health matters

The scary, but serious, truth about women and heart disease

The scary, but serious, truth about women and heart disease

Austin Photo Set: News_Jeff Kreisberg_women heart health_dec 2011_holding heart
Courtesy of Health.com

If I told you that, every year, about the same number of women under the age of 55 die from heart attacks as from breast cancer, would you be surprised?

If you are, you’re not alone; most women and many of the doctors who care for them are clueless that a woman’s heart can pose such a huge health risk. Young women with heart disease account for nearly 40,000 hospitalizations and 16,000 deaths each year — ranking it as the leading cause of death in this age group. Overall, one in four women die from cardiovascular disease, compared to one in 30 from breast cancer. But I haven't seen any ribbons or car magnets highlighting this cause.

If you have a family history of heart disease, if you smoke, have high blood pressure, high blood cholesterol levels,  or diabetes, or if you are obese, you are at increased risk for heart attack. Also, if you have had pre-eclampsia during pregnancy, your chance of a heart attack more than doubles later in life.

Heart attacks don't just happen to post-menopausal women. Women in their 30s and 40s are increasingly developing heart disease, so be on the lookout for these risk factors and get screened and treated. Also, many physicians fail to recognize the importance of these risk factors in young people, so we, as patients, must be proactive when it comes to our health. The longer these risk factors wreak havoc on our bodies, the worse our heart and vascular health will be.

Have your blood pressure checked every two years, beginning at 18 years of age. High blood pressure is 140/90 or higher and, if left untreated, can cause stroke, heart attack, kidney and eye problems and heart failure. Know your numbers! Blood pressure can be managed with medications.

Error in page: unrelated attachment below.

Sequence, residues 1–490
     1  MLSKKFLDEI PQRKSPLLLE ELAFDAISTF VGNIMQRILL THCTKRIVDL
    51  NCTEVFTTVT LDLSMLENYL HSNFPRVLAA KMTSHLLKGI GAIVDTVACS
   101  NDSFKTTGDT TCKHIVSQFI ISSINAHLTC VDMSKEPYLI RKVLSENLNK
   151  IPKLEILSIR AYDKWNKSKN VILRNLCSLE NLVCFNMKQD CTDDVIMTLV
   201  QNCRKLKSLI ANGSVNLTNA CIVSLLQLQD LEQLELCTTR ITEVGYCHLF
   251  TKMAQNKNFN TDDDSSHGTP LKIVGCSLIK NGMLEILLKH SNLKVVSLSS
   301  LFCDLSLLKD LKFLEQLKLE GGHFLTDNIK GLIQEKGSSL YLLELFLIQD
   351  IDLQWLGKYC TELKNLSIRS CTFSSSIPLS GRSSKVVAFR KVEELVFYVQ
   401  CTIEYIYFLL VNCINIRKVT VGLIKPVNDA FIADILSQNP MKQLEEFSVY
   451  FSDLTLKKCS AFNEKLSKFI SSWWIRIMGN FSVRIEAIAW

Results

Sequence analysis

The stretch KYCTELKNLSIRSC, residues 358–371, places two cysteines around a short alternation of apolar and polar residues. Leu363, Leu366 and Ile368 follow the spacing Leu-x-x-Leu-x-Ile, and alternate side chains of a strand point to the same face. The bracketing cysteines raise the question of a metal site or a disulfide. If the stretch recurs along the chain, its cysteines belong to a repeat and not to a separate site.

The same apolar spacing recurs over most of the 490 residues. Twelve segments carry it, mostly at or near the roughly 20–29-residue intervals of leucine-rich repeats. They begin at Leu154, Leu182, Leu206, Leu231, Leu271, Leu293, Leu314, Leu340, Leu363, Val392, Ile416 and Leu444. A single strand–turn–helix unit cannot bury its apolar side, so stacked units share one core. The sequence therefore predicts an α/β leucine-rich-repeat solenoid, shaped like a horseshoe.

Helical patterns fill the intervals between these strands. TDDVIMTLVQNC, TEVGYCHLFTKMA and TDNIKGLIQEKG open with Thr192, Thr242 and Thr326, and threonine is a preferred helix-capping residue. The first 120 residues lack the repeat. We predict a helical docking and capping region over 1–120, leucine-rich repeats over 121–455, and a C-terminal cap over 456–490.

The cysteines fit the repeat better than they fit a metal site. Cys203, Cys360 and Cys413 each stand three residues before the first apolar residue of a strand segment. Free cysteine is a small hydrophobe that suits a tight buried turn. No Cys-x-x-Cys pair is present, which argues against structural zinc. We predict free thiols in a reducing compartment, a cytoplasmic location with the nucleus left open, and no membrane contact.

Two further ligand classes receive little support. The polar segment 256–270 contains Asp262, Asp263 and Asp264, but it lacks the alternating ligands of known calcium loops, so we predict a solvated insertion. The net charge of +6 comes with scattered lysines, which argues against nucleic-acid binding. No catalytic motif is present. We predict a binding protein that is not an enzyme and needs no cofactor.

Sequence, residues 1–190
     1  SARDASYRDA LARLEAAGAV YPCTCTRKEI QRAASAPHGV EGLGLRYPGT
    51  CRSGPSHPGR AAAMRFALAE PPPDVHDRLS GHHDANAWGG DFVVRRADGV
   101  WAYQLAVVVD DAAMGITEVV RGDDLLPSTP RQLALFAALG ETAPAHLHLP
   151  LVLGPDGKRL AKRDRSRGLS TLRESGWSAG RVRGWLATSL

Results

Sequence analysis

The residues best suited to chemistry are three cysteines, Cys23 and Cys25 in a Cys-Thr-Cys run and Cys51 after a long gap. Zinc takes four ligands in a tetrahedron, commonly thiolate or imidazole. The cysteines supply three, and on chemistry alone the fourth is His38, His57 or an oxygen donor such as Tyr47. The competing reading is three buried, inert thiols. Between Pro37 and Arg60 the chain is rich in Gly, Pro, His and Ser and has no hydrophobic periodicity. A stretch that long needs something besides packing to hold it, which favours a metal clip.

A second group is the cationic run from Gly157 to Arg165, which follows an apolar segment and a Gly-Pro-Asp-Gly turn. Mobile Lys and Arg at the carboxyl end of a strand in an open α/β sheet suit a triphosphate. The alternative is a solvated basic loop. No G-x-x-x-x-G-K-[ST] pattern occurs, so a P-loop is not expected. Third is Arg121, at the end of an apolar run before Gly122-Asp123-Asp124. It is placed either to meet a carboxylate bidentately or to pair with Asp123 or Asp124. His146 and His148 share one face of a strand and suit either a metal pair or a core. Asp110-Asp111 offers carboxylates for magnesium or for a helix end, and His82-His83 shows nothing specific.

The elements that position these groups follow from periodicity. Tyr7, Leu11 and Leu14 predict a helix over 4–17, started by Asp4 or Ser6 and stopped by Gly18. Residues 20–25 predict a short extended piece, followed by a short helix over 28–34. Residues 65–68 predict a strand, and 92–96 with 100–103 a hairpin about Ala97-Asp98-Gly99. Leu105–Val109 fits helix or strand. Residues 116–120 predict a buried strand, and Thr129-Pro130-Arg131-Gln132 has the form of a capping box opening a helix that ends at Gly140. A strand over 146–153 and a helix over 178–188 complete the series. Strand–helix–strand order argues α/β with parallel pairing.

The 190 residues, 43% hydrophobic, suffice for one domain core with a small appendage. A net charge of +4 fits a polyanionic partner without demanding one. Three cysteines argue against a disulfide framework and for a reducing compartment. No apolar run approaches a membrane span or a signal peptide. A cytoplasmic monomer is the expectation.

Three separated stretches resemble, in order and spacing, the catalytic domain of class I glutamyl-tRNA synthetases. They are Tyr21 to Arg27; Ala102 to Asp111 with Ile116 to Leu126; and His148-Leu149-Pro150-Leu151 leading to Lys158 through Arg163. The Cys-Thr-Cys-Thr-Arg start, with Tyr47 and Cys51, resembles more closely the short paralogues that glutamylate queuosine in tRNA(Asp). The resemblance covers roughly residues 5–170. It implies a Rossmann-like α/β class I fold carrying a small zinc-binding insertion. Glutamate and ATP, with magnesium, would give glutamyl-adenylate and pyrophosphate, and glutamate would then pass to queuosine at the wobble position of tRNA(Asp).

And, beginning at age 20, have your cholesterol checked regularly if:

  • You use tobacco.
  • You are obese.
  • You have diabetes or high blood pressure.
  • You have a personal history of heart disease or blocked arteries.
  • A man in your family had a heart attack before age 50 or a woman, before age 60.

High cholesterol can be managed by lifestyle changes, like eating healthier and exercise, or medication.

Be aware of the symptoms of a heart attack. Many of us expect the stereotypical signs: clutching chest, gasping for air and screaming out in pain while dropping to a knee. Although chest pain is the most common symptom of heart attack, women are more likely than men to experience other symptoms such as shortness of breath, unusual fatigue, abdominal discomfort, nausea and pain in the back or jaw. Patients and doctors sometimes mistake these symptoms as panic attacks, fatigue, sweating, indigestion and over-exertion and often wait until it’s too late to get treatment. Because of this, twice as many women than men die in the hospital following a heart attack.

Many women don’t seek treatment with these symptoms because they question whether they’re real, or they are embarrassed by their symptoms, they are not taken seriously by their doctor, they don’t have the time due to family demands or they fear they’re symptoms are real and don’t want to know they have a life-threatening condition.

These symptoms won’t just go away on their own. You know best when you’re not feeling well, so listen to your body and get the proper treatment. Ignoring them may cost you your life.